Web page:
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Impaired Driving

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  • In the United States, approximately 30 people die every day from a crash involving an alcohol-impaired driver and annual costs for alcohol-related crashes exceed $37 billion.1,2
  • In Oklahoma, nearly 40% of people in crashes between midnight and 3 am were part of an impaired-person crash.
  • In 2009, almost 10,000 people in Oklahoma were involved in an impaired-person crash.
  • People in crashes involving an impaired person were much more likely to be hospitalized or die than people in crashes without an impaired person.
  • People impaired by alcohol/drugs are much less likely to use safety equipment such as seatbelts or helmets for motorcyclists.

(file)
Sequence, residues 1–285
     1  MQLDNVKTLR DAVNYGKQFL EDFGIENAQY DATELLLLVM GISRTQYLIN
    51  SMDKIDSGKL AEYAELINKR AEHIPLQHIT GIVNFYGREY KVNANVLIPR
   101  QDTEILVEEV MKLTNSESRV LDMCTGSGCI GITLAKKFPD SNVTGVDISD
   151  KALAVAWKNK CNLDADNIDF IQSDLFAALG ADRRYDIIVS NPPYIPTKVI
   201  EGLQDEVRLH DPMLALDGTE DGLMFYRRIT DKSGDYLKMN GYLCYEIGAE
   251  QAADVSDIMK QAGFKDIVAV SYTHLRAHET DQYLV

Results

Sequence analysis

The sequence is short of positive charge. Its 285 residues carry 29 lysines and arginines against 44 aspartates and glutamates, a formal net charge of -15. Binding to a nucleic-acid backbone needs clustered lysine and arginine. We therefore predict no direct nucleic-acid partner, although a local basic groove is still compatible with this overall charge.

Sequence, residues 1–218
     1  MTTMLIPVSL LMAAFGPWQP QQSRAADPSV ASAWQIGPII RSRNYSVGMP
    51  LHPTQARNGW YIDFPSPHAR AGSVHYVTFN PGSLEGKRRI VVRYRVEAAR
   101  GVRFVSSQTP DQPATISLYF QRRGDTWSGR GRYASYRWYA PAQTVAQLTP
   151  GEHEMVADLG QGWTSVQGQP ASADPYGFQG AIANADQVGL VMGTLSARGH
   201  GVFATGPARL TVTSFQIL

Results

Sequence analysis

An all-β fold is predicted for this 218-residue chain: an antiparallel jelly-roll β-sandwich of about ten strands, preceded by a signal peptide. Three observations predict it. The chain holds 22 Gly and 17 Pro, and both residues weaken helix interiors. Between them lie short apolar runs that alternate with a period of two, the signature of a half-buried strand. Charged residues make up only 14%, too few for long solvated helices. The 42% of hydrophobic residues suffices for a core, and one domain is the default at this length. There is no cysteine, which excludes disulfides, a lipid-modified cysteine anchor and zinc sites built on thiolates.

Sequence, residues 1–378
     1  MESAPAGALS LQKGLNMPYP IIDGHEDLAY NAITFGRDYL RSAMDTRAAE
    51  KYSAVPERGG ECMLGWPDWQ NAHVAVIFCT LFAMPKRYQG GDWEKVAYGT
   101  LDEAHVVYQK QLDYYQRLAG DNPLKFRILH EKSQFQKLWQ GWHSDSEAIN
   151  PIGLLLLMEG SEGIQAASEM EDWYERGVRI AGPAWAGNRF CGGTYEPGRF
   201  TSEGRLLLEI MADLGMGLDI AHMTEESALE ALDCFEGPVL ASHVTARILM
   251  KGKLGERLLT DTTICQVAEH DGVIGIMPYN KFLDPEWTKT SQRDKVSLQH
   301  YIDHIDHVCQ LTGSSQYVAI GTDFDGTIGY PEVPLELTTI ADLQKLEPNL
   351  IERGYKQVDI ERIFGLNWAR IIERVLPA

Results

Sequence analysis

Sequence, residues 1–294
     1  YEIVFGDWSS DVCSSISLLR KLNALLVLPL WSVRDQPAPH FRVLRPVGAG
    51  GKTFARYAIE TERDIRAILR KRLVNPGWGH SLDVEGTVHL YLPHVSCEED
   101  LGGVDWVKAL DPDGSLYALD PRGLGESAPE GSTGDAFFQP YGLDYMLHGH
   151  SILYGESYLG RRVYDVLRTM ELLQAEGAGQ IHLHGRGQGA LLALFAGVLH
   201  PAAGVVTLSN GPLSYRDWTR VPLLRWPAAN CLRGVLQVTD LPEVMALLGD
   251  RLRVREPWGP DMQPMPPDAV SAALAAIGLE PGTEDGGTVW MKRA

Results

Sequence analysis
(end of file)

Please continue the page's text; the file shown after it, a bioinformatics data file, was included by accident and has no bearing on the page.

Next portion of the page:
• In Oklahoma, typical hospital charges for persons in a crash involving an impaired person were over $6,000 more than those in crashes with no impaired person.


  • Do not drive if impaired by alcohol and/or drugs.
  • Use a designated driver or make plans to use a cab if you plan to consume alcohol away from home.
  • If starting a new medication, ask your doctor or pharmacist if it may affect your ability to drive.
  • Parents and communities should work together to prevent underage drinking and make clear to young people the dangers and severe consequences of impaired driving.

Internet Resources

  1. National Highway Traffic Safety Administration
  2. Centers for Disease Control and Prevention
  3. Insurance Institute for Highway Safety

Injury Prevention Service, OSDH, 1000 NE 10th Street, Oklahoma City, OK 73117
Revised August 2012

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